The next question is also by Seator Baucus, and deals with the design of public policy when parents don’t always act in the interests of their children. Read the answer here. ]


12 thoughts on “The US Senate wonders about tax policy for the American Dream: here is the homework they gave me

  1. What are your thought on a flat tax on gross revenue for business entities that gross over $1 million. No deductions no tax provisions, nothing. A flat tax on gross revenue for these enterprises will eliminate all the tax code as it relates to skewed and preferred deductions, and address the growing flight or tax avoidance strategies like tax havens, transfer pricing and other currently legitimate strategies to lower your taxes. Fact is America, Canada and Europe needs a stable environment for business to grow, to provide steady gvt revenues and employment. By having a convoluted taxation system for business only increases the costs for business, increases public cost in administration of the tax system, reduces tax compliance, encourages tax flight & seepage.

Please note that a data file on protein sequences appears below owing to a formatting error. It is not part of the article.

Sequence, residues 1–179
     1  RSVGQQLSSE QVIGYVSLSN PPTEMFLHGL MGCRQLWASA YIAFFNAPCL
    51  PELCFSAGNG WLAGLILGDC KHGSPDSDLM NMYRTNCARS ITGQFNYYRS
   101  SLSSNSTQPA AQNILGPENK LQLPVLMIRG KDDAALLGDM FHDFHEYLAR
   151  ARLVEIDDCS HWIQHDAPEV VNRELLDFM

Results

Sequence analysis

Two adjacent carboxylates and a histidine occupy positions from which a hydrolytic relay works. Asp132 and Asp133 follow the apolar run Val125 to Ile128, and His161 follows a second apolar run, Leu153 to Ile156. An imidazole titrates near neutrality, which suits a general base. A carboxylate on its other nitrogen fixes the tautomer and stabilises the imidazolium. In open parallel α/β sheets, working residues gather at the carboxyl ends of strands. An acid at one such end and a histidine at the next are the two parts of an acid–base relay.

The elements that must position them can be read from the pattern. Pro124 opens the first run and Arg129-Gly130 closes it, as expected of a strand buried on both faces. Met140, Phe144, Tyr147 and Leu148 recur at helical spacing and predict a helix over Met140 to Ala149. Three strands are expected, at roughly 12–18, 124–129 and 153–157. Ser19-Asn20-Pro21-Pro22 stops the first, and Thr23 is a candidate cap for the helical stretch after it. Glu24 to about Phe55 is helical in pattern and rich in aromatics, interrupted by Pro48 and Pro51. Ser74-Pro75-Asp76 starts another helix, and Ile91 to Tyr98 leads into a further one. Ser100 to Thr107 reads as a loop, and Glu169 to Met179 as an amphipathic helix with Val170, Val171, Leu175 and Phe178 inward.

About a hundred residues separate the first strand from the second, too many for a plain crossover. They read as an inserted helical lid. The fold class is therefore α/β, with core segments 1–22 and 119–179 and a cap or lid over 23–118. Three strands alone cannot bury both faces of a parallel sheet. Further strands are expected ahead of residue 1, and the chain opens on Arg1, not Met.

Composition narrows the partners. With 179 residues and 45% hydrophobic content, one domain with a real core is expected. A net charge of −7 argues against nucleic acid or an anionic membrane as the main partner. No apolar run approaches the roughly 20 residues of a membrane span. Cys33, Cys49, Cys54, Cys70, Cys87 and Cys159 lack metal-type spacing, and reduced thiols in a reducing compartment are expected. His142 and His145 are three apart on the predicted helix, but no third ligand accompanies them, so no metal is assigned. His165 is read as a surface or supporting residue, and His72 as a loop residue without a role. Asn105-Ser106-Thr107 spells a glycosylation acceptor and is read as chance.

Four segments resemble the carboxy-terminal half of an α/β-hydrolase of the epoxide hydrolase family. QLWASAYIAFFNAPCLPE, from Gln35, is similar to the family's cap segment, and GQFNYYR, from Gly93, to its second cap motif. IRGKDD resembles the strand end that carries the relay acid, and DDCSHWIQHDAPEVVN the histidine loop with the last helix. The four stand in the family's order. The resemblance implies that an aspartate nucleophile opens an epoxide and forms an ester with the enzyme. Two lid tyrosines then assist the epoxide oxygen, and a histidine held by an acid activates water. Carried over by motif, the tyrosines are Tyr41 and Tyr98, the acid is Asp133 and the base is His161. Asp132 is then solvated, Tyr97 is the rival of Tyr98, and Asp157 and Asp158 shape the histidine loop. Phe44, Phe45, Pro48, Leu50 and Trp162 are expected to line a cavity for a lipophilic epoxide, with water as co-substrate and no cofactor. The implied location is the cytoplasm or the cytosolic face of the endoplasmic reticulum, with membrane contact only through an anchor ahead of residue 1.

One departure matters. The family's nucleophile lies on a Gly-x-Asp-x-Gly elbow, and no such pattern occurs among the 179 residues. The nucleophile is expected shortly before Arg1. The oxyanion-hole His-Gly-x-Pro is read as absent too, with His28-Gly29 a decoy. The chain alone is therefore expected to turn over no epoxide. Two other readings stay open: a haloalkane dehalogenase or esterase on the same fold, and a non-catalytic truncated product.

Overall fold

I’m not entirely certain this measure should be applied to Smaller enterprises as they do need be flexible and allow for growth and failure. Allowing for progressive taxation of small enterprises and allowing for deduction of the factors of production and business will allow them to continue investment and growth and also allow them to fail without incurring a significant tax burden.

    Your thoughts?